Striking out on his own after 16 years inside the “Law & Order” camp, scribe Rene Balcer has lined up two drama projects in development for fall 2007.
At NBC, Balcer has secured a put pilot commitment for a drama about a bipolar forensics psychiatrist, and over at Fox, he’s developing a pilot script with Cyrus Nowrasteh about New York police detectives stationed abroad.
Both projects are from NBC Universal TV Studio and Balcer’s the Mattawin Co. shingle.
Balcer helped create “Law & Order: Criminal Intent,” where he served as exec producer-showrunner until departing at the end of last season (Daily Variety, June 2).
“It’s my first time developing unfettered by having to run a show at the same time,” Balcer said. “It’s a nice change.”
Balcer said he was looking to take advantage of his reputation as an expert in the world of procedurals and “move beyond that.”
“I’ve been tagged as one of the many ‘masters of procedurals,’ so that would be a jumping-off point for me,” he said.
The NBC drama is inspired by Dr. Park Dietz, a high-profile forensic psychiatrist known for his work in notorious cases such as the Jeffrey Dahmer investigation.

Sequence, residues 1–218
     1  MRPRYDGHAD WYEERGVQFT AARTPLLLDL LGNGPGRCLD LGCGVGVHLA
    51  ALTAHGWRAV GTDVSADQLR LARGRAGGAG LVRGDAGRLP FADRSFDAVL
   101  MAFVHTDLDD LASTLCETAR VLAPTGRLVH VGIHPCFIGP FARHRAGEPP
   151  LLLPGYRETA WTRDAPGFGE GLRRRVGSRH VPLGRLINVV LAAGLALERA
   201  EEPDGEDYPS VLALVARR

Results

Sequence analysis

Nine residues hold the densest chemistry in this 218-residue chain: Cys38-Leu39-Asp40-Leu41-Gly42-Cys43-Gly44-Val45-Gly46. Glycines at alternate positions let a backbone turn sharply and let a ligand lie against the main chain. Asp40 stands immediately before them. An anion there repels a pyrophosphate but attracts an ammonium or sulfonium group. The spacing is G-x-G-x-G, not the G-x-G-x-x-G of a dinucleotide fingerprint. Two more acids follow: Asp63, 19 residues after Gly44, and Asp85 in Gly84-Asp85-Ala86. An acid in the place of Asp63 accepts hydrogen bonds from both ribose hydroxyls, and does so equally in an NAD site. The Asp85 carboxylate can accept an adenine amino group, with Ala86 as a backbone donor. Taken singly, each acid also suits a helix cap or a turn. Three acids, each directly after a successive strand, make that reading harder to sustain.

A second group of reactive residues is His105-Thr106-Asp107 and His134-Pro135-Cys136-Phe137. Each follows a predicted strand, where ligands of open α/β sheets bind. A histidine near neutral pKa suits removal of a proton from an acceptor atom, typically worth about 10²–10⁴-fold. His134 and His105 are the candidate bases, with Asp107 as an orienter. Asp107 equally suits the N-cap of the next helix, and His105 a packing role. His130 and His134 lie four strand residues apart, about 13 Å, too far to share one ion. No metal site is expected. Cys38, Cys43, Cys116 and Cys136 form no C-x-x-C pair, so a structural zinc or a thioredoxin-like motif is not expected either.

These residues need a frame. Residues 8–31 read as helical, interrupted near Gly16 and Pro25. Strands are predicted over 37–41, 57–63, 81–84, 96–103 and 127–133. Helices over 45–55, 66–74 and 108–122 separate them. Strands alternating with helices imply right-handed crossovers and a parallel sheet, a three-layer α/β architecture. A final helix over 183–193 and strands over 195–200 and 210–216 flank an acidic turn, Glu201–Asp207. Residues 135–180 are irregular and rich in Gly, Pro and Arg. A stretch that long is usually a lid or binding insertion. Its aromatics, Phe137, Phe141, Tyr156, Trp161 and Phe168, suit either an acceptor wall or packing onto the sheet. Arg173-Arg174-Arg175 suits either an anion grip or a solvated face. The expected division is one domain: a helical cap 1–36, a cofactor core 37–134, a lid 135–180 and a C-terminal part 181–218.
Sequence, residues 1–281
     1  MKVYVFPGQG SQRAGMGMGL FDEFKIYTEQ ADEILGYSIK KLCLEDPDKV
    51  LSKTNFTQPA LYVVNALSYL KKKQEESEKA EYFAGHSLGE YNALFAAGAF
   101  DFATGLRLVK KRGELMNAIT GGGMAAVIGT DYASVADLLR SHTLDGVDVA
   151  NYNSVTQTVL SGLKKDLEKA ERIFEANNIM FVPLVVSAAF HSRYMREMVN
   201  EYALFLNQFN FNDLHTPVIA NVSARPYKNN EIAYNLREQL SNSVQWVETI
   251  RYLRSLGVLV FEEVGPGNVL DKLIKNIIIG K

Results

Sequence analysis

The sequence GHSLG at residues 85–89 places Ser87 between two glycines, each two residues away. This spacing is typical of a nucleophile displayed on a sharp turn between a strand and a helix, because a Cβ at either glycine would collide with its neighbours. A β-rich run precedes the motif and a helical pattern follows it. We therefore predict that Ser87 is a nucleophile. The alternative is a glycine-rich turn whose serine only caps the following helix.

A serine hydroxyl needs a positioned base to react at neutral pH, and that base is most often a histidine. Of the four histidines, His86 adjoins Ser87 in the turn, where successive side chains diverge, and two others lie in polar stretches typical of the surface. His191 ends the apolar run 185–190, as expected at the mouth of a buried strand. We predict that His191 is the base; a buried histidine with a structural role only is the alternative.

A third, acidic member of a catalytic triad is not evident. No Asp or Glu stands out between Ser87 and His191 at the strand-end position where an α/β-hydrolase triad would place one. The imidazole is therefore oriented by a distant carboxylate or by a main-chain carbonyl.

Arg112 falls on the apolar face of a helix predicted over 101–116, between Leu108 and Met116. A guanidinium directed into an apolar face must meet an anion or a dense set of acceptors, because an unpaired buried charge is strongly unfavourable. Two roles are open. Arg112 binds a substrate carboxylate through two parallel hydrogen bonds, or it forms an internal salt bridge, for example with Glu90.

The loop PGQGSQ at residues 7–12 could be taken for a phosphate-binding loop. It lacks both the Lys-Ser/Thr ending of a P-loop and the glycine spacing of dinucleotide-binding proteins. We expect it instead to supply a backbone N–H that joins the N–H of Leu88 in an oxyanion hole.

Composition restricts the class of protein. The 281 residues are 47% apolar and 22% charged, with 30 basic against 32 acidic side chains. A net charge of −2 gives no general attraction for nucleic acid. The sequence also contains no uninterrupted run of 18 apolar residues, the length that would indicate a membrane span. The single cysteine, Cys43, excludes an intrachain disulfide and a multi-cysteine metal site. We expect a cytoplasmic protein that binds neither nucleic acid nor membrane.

Balcer said the idea of turning Dietz’s work into a TV series idea has stuck with him ever since meeting the forensic psychiatrist, who has served as a consultant on both “Law & Order” and “Law & Order: Criminal Intent.” (Balcer notes the “Criminal Intent” character Detective Goren, played by Vincent D’Onofrio, is loosely based on Dietz).
“Forensic psychiatrists operate where mental health and the law intersect,” Balcer said. “This is a character-driven procedural — the fact that our hero is himself struggling with mental illness gives us an opportunity to confront one of society’s last taboos.”
As for the Fox project (which has a penalty attached), Balcer said the idea came from working with the NYPD and learning of a program developed by the force after 9/11, in which more than 70 detectives are sent to different cities around the globe.
Nowrasteh will write and exec produce with Balcer, while Jonathan Mostow will direct and also exec produce.
“Their initial purpose was to act as an early warning system against any kind of threats directed at New York City,” he said. “But the mandate has become to investigate many different kinds of crimes that have a New York connection.”
Balcer calls the project the “anti-’24.’ ”
“What’s interesting about these detectives is they don’t have the resources of the federal government — they’re not allowed to carry weapons, don’t have the power to execute search warrants or arrest people. It’s more like ‘The Amazing Race’ — you’re dumped in a foreign city to investigate crimes.”
Balcer, Nowrasteh and Mostow are repped by CAA.